Everything that begins to revolve around a pregnancy when an incipient belly can no longer hide it has always caught my attention: the comments about whether you are more beautiful (or not, that there are also those who say so), the advice that begins to arrive in spurts, and in a very special way, the wishes of all those who have the super power to guess if what you are expecting is a boy or a girl, just by seeing you with the first maternity dress.
I didn’t get rid of that. In fact, it was one of the first surprises I got when wearing maternity clothes became mandatory: family, friends and strangers declared that I was expecting a boy thanks to the “pointy shape” of my belly and I, a first-time pregnant woman with very little knowledge about the beliefs that years of tradition have been responsible for entrenching in the ideology, I began to believe what they told me.
At the 12-week ultrasound, the gynecologist confirmed what “everyone already knew”: he was a boy and everything was fine . His father, who had also gotten a little carried away by the emotion of knowing that his best company to dust off the Scalextrics was on the way, celebrated the news as if it were a World Cup.
But ultrasounds can also fail
Yes, the ultrasounds and the clairvoyant eyes of all those who have given birth (and those who have not), are also wrong. In the second ultrasound a “ the girl is perfectly ” left us frozen . Perhaps if they had told us that there were two of us, we would have been less surprised.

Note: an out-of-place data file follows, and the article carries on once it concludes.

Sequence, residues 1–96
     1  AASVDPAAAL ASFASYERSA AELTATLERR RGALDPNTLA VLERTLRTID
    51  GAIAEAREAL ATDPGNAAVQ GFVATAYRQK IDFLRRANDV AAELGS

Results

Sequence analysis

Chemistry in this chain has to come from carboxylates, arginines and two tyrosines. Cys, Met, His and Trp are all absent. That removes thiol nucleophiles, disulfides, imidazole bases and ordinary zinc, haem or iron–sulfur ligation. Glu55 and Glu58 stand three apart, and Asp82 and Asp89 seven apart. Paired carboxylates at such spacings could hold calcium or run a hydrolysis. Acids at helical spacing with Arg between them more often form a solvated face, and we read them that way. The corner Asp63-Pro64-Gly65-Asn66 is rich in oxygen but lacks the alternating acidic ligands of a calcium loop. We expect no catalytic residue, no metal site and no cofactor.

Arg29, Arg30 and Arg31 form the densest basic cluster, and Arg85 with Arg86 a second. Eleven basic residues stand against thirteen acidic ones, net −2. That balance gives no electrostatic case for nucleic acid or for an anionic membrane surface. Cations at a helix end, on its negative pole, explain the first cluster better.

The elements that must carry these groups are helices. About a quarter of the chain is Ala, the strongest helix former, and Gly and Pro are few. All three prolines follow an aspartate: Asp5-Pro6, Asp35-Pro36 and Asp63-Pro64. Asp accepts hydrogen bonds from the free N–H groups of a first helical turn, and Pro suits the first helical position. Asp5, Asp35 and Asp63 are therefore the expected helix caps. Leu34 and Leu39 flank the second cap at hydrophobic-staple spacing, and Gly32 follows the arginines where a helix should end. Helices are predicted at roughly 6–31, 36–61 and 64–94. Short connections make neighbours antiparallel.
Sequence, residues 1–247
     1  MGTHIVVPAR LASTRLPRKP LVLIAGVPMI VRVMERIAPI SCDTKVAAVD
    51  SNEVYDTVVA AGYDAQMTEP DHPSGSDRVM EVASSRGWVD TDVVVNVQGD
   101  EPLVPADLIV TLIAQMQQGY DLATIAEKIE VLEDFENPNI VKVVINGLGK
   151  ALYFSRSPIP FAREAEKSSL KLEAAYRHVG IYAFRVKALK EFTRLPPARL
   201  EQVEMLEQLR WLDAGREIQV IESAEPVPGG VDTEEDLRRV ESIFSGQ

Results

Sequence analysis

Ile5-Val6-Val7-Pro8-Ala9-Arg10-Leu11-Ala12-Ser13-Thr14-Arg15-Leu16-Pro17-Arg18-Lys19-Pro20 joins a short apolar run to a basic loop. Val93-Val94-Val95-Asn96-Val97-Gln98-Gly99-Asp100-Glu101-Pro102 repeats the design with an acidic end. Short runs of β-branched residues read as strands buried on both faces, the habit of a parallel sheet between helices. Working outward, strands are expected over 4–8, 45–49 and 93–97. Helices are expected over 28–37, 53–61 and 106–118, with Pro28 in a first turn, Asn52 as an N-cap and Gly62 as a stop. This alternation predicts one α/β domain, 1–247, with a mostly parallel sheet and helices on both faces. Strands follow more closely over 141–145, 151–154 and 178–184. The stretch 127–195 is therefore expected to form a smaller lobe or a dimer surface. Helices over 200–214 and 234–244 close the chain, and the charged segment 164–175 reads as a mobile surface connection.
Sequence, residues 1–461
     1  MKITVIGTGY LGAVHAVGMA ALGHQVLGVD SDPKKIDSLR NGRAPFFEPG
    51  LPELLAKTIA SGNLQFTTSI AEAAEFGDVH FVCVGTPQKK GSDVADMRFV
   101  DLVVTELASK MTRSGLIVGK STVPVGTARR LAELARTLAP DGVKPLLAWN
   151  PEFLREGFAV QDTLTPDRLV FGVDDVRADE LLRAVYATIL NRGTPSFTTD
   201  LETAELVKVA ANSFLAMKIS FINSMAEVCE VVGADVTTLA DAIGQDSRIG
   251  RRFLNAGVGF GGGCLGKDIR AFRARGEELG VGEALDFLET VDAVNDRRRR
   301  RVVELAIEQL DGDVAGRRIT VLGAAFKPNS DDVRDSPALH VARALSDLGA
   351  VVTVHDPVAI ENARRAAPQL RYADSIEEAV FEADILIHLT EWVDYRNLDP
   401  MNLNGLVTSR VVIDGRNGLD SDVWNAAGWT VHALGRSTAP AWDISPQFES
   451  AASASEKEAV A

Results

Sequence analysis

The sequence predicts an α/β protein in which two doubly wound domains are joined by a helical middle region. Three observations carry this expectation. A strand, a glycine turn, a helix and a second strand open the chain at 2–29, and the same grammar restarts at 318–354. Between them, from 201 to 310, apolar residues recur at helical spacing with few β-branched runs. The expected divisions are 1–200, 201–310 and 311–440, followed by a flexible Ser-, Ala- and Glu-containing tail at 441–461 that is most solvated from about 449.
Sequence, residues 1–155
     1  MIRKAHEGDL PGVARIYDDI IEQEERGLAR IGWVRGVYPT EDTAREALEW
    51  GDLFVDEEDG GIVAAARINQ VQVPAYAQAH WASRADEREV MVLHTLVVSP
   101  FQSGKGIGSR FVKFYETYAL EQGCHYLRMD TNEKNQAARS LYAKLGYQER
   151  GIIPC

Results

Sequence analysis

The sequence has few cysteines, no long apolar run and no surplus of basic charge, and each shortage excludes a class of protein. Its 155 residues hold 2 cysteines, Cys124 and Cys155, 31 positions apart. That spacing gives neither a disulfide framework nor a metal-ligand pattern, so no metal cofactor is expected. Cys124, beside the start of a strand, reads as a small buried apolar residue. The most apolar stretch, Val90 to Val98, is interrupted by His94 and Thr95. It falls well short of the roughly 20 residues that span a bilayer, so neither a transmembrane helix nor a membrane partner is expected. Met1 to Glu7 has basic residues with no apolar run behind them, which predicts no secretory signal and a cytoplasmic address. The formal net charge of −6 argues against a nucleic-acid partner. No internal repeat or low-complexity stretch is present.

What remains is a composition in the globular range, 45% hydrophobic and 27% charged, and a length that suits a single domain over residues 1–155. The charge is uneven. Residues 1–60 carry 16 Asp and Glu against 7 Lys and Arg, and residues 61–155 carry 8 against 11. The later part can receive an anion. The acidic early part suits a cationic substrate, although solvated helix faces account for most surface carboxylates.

I still remember my husband’s face. Angry at the world for having made him excited about the arrival of his long-awaited partner in crime , he couldn’t say a word. I confess that at that moment, although very surprised, of course, my heart beat faster than ever: my girl was on her way and in the midst of all the confusion, I felt even happier . I swear that until that moment I didn’t care what it was, but from then on I wouldn’t change it for anything in the world.
And it was the best thing that ever happened to us.
I knew that the arrival of our little girl was going to change our lives and that her father would fall deeply in love with her (the anger lasted less than an hour, actually). I am sure that if it had been a boy things would have been the same, but that confusion made us think about some things very differently, such as the choice of name -which the family did not like, by the way-, and of course the way in which we would take the comments of all the people who gave their opinion of everything that had to do with the baby. It was a great plot twist, I can’t deny it, although in the next ultrasound we asked again if it was a boy or a girl, just in case .
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